Nashville, Kan. Two new wind farms in Kansas will make the state one of the few in the country with more than 1,000 megawatts of electricity generated every year by wind power.
Government and industry officials say the state is beginning to take advantage of its windy conditions, but much work remains to make wind energy a profitable industry in Kansas.
Flat Ridge Wind Farm recently began operating in Nashville, about 60 miles southwest of Wichita, and will generate about 100 megawatts of power a year. Central Plains Wind Farm in Marienthal, just east of Leoti, has begun partial operation and will eventually produce 99 megawatts a year.
Combined with existing wind farms, Kansas can now produce 1,012 megawatts of commercial, wind-generated electricity. The new plants, both owned by Westar Energy Inc., means Kansas ranks eighth among states in the amount of commercial wind power produced, still far behind Texas’ 7,407 megawatts.
The development comes amid an ongoing political dispute over energy policy between Democratic Gov. Kathleen Sebelius and the Republican-controlled Legislature.
Sebelius has said the state’s energy future lies in wind and other renewable resources.
But GOP legislative leaders are attempting to override her administration’s decision to block two coal-fired power plants in southwest Kansas. House and Senate negotiators are working on the final version of a bill to do that and planned to meet today.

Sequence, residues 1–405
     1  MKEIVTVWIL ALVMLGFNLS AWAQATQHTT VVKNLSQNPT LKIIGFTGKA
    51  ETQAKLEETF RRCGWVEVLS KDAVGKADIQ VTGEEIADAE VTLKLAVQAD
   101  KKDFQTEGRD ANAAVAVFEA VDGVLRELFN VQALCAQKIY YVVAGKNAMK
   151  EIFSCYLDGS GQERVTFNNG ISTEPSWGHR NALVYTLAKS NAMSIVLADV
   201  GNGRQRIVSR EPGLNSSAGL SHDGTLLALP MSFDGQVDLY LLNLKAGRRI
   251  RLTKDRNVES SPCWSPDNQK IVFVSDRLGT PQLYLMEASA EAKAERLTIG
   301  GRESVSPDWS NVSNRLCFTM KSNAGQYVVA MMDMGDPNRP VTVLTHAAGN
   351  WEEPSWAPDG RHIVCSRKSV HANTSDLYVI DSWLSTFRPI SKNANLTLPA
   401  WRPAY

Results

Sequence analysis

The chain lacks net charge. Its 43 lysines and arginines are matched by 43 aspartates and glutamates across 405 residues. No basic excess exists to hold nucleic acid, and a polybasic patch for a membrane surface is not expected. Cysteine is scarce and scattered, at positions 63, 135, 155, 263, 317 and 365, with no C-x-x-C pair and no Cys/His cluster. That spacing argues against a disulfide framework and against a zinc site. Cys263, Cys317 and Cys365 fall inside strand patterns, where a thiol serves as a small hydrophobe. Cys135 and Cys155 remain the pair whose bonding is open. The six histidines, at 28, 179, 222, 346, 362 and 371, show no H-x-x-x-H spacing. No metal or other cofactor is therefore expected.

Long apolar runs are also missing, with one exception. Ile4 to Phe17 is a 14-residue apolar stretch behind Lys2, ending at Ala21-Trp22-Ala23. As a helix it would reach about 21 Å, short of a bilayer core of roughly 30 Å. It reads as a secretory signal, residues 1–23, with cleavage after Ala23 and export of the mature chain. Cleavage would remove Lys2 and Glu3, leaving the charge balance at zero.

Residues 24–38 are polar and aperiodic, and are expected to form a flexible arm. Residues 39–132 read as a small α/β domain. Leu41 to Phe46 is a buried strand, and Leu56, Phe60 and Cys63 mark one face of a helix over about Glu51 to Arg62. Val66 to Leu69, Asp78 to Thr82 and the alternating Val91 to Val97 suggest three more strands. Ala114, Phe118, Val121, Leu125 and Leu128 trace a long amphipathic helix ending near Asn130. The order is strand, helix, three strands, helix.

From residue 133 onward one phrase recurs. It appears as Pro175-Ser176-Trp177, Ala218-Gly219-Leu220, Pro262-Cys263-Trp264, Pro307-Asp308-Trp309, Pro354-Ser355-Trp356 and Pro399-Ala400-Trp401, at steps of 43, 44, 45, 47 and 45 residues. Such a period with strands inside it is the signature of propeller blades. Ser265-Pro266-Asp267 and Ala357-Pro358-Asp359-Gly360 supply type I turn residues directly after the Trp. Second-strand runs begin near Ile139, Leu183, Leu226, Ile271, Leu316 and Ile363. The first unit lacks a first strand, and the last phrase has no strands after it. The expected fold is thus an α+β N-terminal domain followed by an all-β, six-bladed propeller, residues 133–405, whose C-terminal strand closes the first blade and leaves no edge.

Kansas has enough wind to become a player in the wind energy market. The U.S. Department of Energy ranks Kansas as the third windiest state, after North Dakota and Texas.
But economic development experts say making wind power a profitable business requires building a large manufacturing and research base to supply the wind farms.
Kansas has started taking steps to meet that goal by reworking incentives to lure wind energy companies.
Wind farms alone are not particularly profitable. Flat Ridge cost $196 million to build, or about $2 million per megawatt, Simmons said. The 275 specialized construction workers mostly came from out of state, and only nine people are required to operate it.
The main economic benefit of wind farms is manufacturing the turbine parts, which currently come mostly from overseas.